That is quite correct, Brits (I don't know as much about the humor of other European countries) enjoy nothing so much as "taking the mickey" (actually, it's a little ruder word than mickey) on their friends. Meaning, in our terms, "giving them a hard time" but to the 10th degree. It's kind of a "if I was nice to you, you'd know I didn't really like you." sort of mentality. If you watch shows like "The Office" you'll see that they pull no punches either. There is a certain type of British comedy that tends to be acidic and biting till it hurts. Also, in order to understand Brits, you need to understand that most of their humour is very self-deprecating. Very rare to hear a Brit bragging about himself, his abilities, his country, etc. as it's just "not done." And, hate to say it, but I have seen enough "ugly Americans abroad" in my European travels that I know exactly why the stereotypes persist.
I hope all Europeans don`t have such a horrible picture of we "ugly Americans"! I have not been to Europe (maybe now I know why) but I do have a couple of British friends whose British sense of humor I really enjoy, I do believe I will get this book and read the entire book. I am reasonably certain that the E.U. will quickly outdo us--especially the way we are being used currently. We are so far in debt that we`ll never be able to dig out I`m afraid!
I started this book thinking I would learn more about what is happening in Europe. What I'm finding is an obsession with what Europeans think about us. I think this just shows how very ego-centric the US tends to be. I should look for the book to see if this changes deeper into the text but I'm tired of it already. We do need to understand what is happening in the rest of the world but so far there is a lot of emotionalism and very little hard facts about the progress towards a united Europe.
Have not been reading this book in the club this week, only an excerpt from amazon. I believe and from the reviews on same site made me think the book is about much more than the "Brits" making fun of us, but a much deeper text concerning the Europeans becoming more of a super power than we are at the present time -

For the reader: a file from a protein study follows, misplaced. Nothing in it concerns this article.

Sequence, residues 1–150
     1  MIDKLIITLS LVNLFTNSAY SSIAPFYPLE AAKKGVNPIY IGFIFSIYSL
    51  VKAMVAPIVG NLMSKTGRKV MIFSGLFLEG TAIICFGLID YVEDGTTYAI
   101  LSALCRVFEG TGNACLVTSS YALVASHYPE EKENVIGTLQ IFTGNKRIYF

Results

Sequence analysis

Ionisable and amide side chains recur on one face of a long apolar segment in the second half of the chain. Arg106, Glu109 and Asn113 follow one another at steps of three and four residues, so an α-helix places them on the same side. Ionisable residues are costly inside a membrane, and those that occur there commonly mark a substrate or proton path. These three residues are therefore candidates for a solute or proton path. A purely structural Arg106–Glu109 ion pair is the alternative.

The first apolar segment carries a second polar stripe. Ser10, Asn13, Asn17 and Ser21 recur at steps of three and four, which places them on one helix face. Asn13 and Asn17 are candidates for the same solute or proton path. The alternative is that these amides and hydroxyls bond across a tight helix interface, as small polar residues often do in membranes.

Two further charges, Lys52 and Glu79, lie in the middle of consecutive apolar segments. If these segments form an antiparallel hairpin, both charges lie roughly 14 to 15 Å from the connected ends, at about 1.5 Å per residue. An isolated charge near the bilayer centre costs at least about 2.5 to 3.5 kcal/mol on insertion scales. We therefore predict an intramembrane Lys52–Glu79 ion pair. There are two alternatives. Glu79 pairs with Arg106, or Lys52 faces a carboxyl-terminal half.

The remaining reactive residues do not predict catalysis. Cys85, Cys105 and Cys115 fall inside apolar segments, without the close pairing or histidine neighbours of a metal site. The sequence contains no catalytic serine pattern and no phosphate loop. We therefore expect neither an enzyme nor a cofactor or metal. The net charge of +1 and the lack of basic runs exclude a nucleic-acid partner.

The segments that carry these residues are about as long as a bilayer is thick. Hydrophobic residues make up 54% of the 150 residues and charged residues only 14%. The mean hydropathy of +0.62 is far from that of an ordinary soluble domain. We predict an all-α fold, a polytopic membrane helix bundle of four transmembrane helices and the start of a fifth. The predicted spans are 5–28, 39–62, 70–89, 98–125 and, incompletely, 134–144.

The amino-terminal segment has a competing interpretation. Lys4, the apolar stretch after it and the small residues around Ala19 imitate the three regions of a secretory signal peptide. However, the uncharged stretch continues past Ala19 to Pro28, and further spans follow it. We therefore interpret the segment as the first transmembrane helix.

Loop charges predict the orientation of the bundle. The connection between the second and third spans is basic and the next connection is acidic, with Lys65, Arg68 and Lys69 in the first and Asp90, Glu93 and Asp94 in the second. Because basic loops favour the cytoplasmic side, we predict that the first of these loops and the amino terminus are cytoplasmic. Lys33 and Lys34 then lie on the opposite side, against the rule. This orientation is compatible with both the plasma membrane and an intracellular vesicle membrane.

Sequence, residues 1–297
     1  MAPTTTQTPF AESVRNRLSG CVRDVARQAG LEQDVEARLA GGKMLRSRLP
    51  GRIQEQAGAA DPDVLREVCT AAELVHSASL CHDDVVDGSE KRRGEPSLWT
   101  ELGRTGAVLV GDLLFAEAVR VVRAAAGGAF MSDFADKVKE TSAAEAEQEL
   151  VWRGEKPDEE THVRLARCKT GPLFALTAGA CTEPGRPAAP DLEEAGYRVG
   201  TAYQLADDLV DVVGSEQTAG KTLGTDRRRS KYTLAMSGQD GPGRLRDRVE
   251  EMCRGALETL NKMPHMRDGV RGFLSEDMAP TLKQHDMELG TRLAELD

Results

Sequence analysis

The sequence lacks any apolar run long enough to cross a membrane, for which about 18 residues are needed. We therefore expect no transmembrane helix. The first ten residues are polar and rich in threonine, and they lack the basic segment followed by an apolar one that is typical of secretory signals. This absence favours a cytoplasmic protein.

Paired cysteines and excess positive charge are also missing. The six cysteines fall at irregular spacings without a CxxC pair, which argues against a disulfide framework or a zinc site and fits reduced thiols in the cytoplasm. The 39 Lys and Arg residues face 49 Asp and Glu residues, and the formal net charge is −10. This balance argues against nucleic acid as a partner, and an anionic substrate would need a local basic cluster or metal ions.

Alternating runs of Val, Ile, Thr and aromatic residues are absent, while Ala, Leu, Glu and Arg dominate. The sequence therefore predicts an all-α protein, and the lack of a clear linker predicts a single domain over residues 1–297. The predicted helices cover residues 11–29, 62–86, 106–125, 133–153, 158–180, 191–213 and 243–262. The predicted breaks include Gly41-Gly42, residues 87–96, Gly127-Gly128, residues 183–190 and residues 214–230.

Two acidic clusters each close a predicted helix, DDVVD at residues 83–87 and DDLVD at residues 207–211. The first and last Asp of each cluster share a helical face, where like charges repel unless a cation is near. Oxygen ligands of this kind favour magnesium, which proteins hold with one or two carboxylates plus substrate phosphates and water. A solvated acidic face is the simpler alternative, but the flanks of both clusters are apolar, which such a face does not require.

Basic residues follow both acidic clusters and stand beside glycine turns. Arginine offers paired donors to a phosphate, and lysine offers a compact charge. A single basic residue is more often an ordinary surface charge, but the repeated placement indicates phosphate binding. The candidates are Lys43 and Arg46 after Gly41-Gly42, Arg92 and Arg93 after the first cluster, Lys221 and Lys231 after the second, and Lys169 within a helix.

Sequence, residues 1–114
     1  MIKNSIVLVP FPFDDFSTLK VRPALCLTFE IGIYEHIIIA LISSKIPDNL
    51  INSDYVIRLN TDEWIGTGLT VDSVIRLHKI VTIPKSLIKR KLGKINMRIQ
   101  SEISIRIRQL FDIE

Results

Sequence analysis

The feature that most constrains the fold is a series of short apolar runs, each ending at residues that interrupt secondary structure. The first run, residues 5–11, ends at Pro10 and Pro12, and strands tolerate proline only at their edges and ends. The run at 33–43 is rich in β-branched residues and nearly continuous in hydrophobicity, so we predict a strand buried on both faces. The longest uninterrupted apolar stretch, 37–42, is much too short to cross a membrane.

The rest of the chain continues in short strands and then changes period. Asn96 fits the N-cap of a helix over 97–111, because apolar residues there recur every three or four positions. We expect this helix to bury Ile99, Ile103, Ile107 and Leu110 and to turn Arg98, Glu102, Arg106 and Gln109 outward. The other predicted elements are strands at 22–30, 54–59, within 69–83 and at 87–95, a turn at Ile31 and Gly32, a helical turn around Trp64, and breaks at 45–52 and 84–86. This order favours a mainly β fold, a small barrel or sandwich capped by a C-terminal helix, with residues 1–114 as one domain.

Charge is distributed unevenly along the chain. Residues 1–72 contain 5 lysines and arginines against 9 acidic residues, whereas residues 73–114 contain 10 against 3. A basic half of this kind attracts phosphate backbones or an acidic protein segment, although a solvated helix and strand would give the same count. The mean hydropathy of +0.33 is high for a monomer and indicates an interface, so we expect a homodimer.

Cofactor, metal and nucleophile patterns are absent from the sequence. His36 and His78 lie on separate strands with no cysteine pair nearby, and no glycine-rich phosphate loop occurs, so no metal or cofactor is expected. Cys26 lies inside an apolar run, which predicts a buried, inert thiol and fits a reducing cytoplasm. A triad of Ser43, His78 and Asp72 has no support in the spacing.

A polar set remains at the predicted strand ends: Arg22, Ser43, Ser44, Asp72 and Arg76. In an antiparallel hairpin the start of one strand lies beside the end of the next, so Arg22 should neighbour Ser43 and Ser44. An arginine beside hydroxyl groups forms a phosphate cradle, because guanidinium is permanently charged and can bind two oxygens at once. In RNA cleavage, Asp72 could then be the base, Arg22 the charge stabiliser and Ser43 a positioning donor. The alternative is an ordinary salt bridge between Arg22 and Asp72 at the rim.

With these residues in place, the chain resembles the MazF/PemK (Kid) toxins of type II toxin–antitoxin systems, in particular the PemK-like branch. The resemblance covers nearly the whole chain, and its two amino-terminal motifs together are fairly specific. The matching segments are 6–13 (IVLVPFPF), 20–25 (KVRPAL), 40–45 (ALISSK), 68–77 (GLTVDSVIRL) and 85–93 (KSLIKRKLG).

I've long been a fan of T.R. Reid's commentary from around the globe; and--though I agree with others that his book thus far has focused more on how Europeans often look askance at our less-admirable national traits than how the EU is positioning itself to be our equal--I'd caution patience to those who would stop reading it for its alleged overemphasis on our faults. Is it that painful to look at ourselves in a mirror of others' making? I do think we need to better understand our longtime allies--who we too often took for granted during the Cold War--if we're to continue looking to them for help in managing the current, real world. As to U.S. citizens fearing to travel among these hypercritical-but-true-friends--with whom many of us share recent ancestry--be assured that they can be every bit as hospitable to polite and humble Americans as we are to them on this side of the Atlantic. Try them, you'll like them!
This book is making me feel horrible. I don't understand what is so wrong with pride and self-confidence. Why is that so deplorable to the rest of the world? I don't know alot about what is going on in the rest of the world but that is not because I think I'm better than anyone else because I'm American. It's just I know what is around me, my world. I don't even know what is happening on the other side of this country. I guess that is the American coming out in me. But I can't believe every European citizen actively gains knowledge about every other nation, other than maybe their popular culture, like was earlier stated.
Like I said earlier, I think this book is biased...he is just giving us the negative side of things. We all, no matter what country we're from, are a mixture of people who are good, bad or somewhere in-between. It's never too late to learn about other places either. This is where I launch into my spiel about the olden days....when I went to school we learned about every country in the world, their capital, their main exports, their main industries. I doubt that that is the case today. As a Canadian, I was taught all the states and their capitals as well. Again, that may not be the case today. When I am buying something on line from the US I make a point of finding where that place is on the map and sometimes even looking up a local newspaper online. Just a little extra time and I enlarge my geographical knowledge a bit more.
PS I live in Prince Edward Island, capital city, Charlottetown.